Refrigeration and Recycling

You might know the old "helpful hint" of storing batteries in a refrigerator to extend their life. It turns out that this might not be so helpful after all. Energizer claims refrigeration won't preserve a charge much better than storage at room temperature, and the icebox's condensation can corrode a battery, ending its life before its time. Buchmann concurs.

“The effect is moderate,” he said. Buchmann further says that keeping batteries above 86 degrees Fahrenheit can hasten aging.

On the other hand, what you've heard about recycling batteries is true: Materials in almost every type of battery -- especially rechargeables -- are an environmental concern.

Certain types of rechargeable batteries might contain heavy metals such as cadmium, lead and lithium, according to Jennifer Childress, director of marketing at nonprofit Call2Recycle.

How about household dry cells? Since 1996, when federal law eliminated mercury in single-use batteries, Childress says most communities consider alkaline batteries and their kin to be disposable in normal household waste.

Keeping Your Batteries Alive

Modern batteries are larger and more efficient, but using all the bells and whistles on a mobile device can still deplete its energy in short order. Here are some best practices to maximize your battery's life:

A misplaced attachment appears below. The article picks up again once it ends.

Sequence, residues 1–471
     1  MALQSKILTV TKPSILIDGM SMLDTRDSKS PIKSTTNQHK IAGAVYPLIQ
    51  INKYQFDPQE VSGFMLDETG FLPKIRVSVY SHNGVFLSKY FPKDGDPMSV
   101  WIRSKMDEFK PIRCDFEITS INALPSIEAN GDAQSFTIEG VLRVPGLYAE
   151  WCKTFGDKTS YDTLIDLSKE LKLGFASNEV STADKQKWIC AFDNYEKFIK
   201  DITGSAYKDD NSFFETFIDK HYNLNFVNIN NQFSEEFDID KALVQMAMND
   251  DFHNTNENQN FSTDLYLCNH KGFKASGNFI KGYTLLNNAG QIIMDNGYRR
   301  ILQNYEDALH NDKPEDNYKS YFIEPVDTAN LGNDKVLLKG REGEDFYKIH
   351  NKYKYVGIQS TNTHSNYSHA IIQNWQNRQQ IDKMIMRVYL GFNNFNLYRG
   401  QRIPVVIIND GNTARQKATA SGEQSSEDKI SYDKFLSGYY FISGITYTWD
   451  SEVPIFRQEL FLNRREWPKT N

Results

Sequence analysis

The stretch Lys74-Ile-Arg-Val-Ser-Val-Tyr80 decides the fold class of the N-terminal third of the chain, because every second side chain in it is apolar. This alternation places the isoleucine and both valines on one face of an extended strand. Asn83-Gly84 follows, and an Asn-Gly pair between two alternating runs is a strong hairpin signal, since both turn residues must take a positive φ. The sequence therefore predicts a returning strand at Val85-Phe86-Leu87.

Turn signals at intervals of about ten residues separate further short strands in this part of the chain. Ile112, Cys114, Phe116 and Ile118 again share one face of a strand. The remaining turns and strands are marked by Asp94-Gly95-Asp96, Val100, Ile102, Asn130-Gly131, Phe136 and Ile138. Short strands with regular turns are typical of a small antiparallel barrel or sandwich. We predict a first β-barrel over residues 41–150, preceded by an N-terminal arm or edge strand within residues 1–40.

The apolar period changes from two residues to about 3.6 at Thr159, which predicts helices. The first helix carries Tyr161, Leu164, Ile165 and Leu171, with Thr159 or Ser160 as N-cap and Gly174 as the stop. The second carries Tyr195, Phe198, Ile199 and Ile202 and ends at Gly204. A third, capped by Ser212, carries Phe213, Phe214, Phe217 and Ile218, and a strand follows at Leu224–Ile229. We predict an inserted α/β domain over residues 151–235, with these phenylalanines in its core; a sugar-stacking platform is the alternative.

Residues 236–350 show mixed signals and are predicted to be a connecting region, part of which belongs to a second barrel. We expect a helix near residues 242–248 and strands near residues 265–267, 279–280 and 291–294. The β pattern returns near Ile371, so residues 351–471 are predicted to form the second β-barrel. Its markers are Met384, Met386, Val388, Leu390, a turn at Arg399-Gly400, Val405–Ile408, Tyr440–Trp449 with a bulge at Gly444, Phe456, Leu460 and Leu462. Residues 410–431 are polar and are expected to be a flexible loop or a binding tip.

A digital screen is the largest drain on a device's battery. Turn down the brightness as far as you feel comfortable with and set the screen sleep interval to its shortest setting.

Limit or close your background apps and disable "push" updates. Allowing your calendar and email to update every five minutes can drain your phone even when you're not using it.

Disable the receivers or transmitters you aren't using. If you're not in a hotspot or using a wireless headset, turn off your Wi-Fi and Bluetooth.

Use your device's "power saver" mode, which includes the manufacturer's optimum settings for preserving battery life.

Turn off your phone or use its "Airplane Mode" if you'll be spending time in an area without a strong cell signal. Phones will keep searching for a signal even when asleep, consuming valuable power.